The energy crisis has clearly put pressure on businesses and, in addition to the legislative changes outlined above, some have taken the decision to reduce their opening hours in order to reduce their energy consumption. We are also seeing businesses taking practical steps such as reducing temperatures to reduce heating costs and seeking more energy efficient premises if they are considering a relocation.

Looking ahead

In September 2022 an independent review titled Mission Zero was commissioned by the UK government to consider how the UK can better meet its net zero commitments, taking into account the global energy crisis.

This review has sought to identify affordable, efficient and pro-business targets for the UK net zero strategy and shows that the direction of travel is clear. Net zero is clearly driving policy decisions, both on the statute books and on the shop floor.


In recent years, the German real estate industry has faced considerable challenges, on the one hand due to Covid-19 measures, and on the other due to the energy crisis.

Although the industry has been making progress in saving energy for several years through sustainable modernisation and investment in green building technology, government support is also playing a crucial part in overcoming the crisis.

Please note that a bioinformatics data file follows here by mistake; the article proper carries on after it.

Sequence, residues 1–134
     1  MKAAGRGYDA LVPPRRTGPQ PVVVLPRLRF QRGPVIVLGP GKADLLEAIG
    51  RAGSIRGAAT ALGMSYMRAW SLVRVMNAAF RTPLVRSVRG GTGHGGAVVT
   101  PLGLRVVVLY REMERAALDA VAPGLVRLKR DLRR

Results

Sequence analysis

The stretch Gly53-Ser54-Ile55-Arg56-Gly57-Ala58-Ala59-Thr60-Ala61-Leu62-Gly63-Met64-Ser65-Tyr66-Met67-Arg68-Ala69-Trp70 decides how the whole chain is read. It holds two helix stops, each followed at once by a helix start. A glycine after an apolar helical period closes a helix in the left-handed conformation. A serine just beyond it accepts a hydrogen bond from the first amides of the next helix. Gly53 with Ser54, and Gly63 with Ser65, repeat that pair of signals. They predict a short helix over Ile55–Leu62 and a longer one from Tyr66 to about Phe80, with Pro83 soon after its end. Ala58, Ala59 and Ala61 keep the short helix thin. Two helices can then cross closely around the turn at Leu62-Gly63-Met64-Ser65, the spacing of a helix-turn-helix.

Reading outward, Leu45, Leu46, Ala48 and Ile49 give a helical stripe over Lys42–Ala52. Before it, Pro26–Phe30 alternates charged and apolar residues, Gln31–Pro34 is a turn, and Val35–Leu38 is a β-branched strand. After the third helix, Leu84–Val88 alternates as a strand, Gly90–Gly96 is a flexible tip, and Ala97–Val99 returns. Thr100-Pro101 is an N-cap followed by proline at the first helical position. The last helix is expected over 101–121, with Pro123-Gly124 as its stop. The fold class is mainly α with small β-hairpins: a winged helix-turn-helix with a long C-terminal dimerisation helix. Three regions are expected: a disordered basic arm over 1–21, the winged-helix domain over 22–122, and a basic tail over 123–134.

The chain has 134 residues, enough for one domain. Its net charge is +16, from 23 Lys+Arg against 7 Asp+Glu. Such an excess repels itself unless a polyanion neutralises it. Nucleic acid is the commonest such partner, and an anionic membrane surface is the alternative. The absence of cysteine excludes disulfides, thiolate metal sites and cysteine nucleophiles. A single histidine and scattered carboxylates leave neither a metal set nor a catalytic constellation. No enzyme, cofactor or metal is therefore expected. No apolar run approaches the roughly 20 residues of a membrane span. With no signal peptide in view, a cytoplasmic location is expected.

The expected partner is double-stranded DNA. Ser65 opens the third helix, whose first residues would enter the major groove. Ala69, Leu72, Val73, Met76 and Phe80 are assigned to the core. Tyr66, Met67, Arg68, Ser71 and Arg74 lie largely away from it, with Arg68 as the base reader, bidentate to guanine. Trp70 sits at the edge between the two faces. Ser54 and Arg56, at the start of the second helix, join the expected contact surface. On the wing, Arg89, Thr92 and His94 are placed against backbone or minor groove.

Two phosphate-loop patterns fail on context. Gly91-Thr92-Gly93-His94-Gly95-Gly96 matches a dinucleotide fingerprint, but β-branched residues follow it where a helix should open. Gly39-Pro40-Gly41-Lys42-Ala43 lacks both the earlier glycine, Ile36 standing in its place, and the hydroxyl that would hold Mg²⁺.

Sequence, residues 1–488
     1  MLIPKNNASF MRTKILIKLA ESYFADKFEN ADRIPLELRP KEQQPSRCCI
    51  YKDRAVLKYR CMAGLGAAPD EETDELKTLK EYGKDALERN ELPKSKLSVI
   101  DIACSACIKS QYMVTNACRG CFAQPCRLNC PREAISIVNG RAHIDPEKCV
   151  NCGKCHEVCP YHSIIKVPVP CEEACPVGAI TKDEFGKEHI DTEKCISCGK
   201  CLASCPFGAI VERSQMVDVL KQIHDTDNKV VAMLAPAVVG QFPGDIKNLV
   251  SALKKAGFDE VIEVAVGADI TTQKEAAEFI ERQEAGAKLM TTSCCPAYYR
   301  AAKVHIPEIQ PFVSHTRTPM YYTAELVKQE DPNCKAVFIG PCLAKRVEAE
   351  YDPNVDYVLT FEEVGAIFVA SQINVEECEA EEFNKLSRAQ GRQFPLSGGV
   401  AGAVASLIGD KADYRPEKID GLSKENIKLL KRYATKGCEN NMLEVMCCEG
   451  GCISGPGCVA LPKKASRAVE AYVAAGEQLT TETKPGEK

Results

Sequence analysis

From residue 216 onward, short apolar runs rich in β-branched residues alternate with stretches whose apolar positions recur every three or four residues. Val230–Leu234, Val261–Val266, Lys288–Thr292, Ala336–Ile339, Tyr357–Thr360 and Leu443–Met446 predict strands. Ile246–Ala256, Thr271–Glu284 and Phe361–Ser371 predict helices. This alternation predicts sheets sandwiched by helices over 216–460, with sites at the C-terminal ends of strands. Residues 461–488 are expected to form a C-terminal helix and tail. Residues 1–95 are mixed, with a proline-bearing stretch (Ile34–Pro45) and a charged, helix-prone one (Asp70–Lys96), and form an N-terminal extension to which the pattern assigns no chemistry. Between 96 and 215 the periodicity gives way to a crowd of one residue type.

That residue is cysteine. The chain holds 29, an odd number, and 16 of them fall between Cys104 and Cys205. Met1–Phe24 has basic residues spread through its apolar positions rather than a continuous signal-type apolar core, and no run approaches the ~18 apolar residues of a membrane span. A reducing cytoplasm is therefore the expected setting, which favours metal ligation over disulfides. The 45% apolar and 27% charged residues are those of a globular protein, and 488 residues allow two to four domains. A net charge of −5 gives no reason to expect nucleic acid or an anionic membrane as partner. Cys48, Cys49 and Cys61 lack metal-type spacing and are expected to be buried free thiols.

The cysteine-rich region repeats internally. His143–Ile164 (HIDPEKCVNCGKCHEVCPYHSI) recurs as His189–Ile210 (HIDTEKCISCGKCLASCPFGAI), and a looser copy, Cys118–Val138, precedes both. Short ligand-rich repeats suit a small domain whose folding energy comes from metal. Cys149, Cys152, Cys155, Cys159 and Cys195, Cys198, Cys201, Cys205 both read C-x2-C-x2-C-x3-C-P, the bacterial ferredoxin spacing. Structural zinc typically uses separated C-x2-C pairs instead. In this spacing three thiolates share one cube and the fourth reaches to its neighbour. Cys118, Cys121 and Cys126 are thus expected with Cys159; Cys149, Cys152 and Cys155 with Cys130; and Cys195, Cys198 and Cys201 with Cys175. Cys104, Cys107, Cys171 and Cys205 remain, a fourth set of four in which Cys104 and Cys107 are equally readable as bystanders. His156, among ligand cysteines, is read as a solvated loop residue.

What is the German government doing to prevent a possible worst-case scenario?

First, the German government has adopted a three-stage emergency plan for gas supplies. This indicates at the various crucial stages the extent to which supply security can continue to be guaranteed. The state is authorised to intervene to ensure gas supplies are maintained for certain protected customers, such as hospitals, the police or household customers.

Secondly, with regard to electricity supplies, the possibility of a so-called “brownout” is currently being discussed. If there is a foreseeable situation in the power grid in which more energy is consumed than electricity is produced, the transmission system operators will first resort to using existing power plant reserves. If these are not sufficient, temporary and pre-planned shutdowns would be considered in extreme cases.

Measures that are already showing their potential

The above precautions pose clear challenges for the real estate industry. However, there are also plans that are already showing measurable effects, leading to savings of more than 10% in electricity and over 30% in gas.

The basic framework for this has been established by the German government’s energy-saving regulations. Under these regulations, landlords must optimise the gas heating systems in their buildings and carry out an extensive heating inspection. In addition, both landlords and tenants must keep the operation of outdoor advertising systems and lighting to a minimum, light business premises only during opening hours and reduce the room temperature to the legally prescribed setting.